After Germany’s EU presidency and an agreement over the EU reform treaty, it seems to be all quiet on the European Front. Unfortunately this doesn’t fit in with Europe’s actual situation: The game of nerves over ratification, without which the Lisbon treaty remains worthless, has already begun. Even if the reforms are ratified and the new treaty can before the next European Parliamentary elections in May 2009, Europe now faces its biggest challenge since its creation.
Along with the successful but inadequate treaty, the reform debate, which began with the European Convention in 2002, has produced one other thing. The realization that the old theory of integration no longer works. This theory, under which the economic synchronization of EU states in course brings about political integration, is finished. The dream of a European superstate is over. The past months have shown that it is practically impossible to get 27 sovereign states to achieve integration in all political areas with the same speed and to the same depth, and there is nothing to suggest this is going to get any better in the future.
As a result, the Europe of the future will be a selective Europe. Selective, in the sense that it will only develop in those areas in which integration is either supported by a vast majority, or where there is an overwhelming necessity.It will also be selective, because in the future not all members will commit to further integration, and some perhaps never. There are already ample signs of this. The common currency, the Euro, lies among them, along with Schengen, which aims to scrap border controls. The new treaty has, in fact, paved the way to such selective models. Some old serving Europeans shudder at the thought of a two-tier Europe, but this has been a reality for a while, and is becoming even more so: the question of which areas Europe must preside over, must be put forward. The newly established task force for the reduction of bureaucracy,success, is a subtle signal of this trend. Ironically, a Europe of the future will contain a great deal more of the British model than it does of the French or the old dreamers, the Germans.
So what goals does Europe still have? In the Berlin declaration on the 50th birthday of the EU this March, the heads of state and government gave us the answer: Europe’s goal is the peaceful and sustainable advancement of globalization. Europe’s business lies beyond its borders, not inside them.
What Actual Jobs Does the EU Face?
1. The EU must ensure that it remains an economic giant. The EU will only have international influence if it remains economically dynamic, innovative and productive. Furthermore, the single European market must be finalized, instead of caving into protectionist impulses. The liberalization of the labor markets, the reform of the social system, and an improved investment climate, could all release forces that make Europe more competitive, generate growth, and create jobs.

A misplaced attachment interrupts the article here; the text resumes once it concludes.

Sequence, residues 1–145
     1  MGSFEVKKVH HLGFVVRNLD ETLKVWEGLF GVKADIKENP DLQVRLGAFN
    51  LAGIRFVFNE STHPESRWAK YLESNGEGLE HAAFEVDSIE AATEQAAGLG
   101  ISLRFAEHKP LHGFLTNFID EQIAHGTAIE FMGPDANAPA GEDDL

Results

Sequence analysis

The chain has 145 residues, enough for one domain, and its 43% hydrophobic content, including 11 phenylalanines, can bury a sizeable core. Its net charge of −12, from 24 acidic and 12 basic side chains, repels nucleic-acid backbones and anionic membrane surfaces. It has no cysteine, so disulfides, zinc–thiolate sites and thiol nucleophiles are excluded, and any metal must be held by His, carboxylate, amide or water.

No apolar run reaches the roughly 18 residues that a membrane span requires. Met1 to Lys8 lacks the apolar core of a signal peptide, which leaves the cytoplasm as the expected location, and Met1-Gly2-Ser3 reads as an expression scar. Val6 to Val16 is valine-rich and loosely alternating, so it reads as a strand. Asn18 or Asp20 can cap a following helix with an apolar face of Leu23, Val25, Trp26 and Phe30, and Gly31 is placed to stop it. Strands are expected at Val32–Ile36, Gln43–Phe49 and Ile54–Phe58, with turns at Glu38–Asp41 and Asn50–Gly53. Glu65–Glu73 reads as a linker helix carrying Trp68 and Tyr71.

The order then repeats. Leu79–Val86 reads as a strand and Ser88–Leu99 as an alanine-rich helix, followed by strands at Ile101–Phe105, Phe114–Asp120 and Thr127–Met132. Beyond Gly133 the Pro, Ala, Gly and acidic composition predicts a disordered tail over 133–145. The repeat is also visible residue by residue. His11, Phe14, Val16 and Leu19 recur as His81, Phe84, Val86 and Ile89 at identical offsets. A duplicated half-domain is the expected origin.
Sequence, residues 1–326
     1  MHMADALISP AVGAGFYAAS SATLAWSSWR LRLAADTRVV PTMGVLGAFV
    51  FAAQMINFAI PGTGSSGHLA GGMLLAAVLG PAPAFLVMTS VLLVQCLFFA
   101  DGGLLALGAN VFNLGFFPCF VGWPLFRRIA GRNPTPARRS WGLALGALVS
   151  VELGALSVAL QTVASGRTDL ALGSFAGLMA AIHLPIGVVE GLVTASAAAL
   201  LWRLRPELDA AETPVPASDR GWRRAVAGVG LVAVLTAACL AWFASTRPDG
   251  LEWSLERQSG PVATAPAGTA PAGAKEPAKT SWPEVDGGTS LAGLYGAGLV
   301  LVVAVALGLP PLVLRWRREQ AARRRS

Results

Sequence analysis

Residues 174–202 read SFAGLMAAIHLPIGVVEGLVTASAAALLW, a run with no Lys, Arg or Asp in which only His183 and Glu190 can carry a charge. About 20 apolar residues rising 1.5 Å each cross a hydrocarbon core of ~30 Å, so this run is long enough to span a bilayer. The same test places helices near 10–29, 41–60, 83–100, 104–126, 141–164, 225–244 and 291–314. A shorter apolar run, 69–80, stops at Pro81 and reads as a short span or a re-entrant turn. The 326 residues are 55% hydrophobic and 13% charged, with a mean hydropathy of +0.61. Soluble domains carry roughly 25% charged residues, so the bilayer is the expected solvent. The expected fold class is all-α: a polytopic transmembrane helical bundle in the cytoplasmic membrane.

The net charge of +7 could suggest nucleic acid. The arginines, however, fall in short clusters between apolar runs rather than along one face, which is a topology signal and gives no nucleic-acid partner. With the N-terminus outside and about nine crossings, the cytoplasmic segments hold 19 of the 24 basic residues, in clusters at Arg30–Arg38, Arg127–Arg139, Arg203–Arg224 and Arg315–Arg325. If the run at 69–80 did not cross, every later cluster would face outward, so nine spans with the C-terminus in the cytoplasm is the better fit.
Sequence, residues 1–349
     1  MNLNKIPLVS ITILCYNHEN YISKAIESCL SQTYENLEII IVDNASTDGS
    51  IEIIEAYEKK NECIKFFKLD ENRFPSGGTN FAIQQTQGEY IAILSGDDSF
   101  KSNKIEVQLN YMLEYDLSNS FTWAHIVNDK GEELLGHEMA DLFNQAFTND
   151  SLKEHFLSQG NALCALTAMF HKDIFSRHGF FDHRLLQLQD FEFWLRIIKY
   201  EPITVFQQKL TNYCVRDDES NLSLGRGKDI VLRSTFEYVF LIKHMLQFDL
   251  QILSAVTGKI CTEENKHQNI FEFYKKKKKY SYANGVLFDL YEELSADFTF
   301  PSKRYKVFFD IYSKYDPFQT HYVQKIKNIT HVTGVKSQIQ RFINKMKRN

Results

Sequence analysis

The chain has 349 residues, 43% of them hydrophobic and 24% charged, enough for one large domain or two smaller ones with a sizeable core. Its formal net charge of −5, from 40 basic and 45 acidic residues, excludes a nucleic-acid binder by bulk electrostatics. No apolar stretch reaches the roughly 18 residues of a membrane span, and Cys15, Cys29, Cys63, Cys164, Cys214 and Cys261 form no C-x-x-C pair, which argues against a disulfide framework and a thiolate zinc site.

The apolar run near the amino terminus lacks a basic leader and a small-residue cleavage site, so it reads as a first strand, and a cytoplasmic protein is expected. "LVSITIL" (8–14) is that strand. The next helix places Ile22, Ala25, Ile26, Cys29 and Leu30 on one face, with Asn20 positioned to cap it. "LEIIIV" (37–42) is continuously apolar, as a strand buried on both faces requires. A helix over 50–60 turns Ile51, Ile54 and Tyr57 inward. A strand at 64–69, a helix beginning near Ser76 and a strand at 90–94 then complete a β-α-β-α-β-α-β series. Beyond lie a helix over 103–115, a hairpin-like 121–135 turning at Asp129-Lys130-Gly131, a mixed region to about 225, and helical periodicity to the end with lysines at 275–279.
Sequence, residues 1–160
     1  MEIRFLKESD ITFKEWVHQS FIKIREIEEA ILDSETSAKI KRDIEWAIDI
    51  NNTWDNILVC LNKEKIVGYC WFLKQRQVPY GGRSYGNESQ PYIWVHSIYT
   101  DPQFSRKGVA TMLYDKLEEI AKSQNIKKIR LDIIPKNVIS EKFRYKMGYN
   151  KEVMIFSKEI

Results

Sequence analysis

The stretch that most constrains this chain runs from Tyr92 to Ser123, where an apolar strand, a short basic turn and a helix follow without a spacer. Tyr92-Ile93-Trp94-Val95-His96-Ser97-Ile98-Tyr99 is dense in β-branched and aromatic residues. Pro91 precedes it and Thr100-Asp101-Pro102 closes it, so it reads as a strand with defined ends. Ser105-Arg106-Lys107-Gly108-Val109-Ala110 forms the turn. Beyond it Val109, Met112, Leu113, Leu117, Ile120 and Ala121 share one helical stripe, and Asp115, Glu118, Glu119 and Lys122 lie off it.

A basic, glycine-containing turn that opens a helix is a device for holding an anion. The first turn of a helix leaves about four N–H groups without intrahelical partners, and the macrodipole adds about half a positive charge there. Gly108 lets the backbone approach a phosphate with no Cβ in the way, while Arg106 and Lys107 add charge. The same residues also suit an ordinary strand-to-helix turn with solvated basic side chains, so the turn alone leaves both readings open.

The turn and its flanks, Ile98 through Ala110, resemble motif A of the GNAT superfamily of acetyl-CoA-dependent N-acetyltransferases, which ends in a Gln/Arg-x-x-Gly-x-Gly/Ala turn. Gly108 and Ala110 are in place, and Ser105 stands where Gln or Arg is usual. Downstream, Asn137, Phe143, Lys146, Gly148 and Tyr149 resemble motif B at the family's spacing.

2. Europe must finally take on its role as a regional power. The Balkans and Eastern Europe still await European leadership. By December at the latest a question of war and peace will again emerge in Kosovo, and after ten years of peace in Bosnia, there are signs of a storm brewing. The EU must show its strength on these issues.
3. In view of the nuclear question in Iran, the EU must learn that in questions of international security it can – and must – make a considerable contribution. Only Europe has the power to put real economic pressure on Iran and thus prevent a military solution to the problem. In order to do this it must be decisive and united – neither of which have been great strengths of EU foreign policy.
Fourthly, Europe must finally recognize its full responsibility for the developing world. In the course of the 2008 EU budget reforms, a drastic change in agricultural policy and the closed-off subsidized market over which it presides, is well overdue.
This is also the key to the gridlocked WTO negotiations. The current fast-tracked bilateral trade agreements with ACP-states are no real alternative. Only through market access will countries in Africa and Asia have the chance to develop sustainably. The EU itself is the biggest example for that. Humble at home and confident abroad – that’s the EU’s new credo. This has nothing to do with visions of an unquestioned “ever-closer union”.Europe’s dream has changed. At first glance it appears to be smaller and less ambitious.But in realityits actually bigger than anything Adenauer, de Gaulle, Monet, or Schuman ever dreamed of. Much bigger.
Jan Techau is head of the Alfred von Oppenheim Center for European Studies at the German Council on Foreign Relations (DGAP). From 2001 to 2006 he worked in the German Ministry of Defence. Techau studied politics in Kiel and at Pennsylvania State University.
Translation by Cosmo Macfarlane
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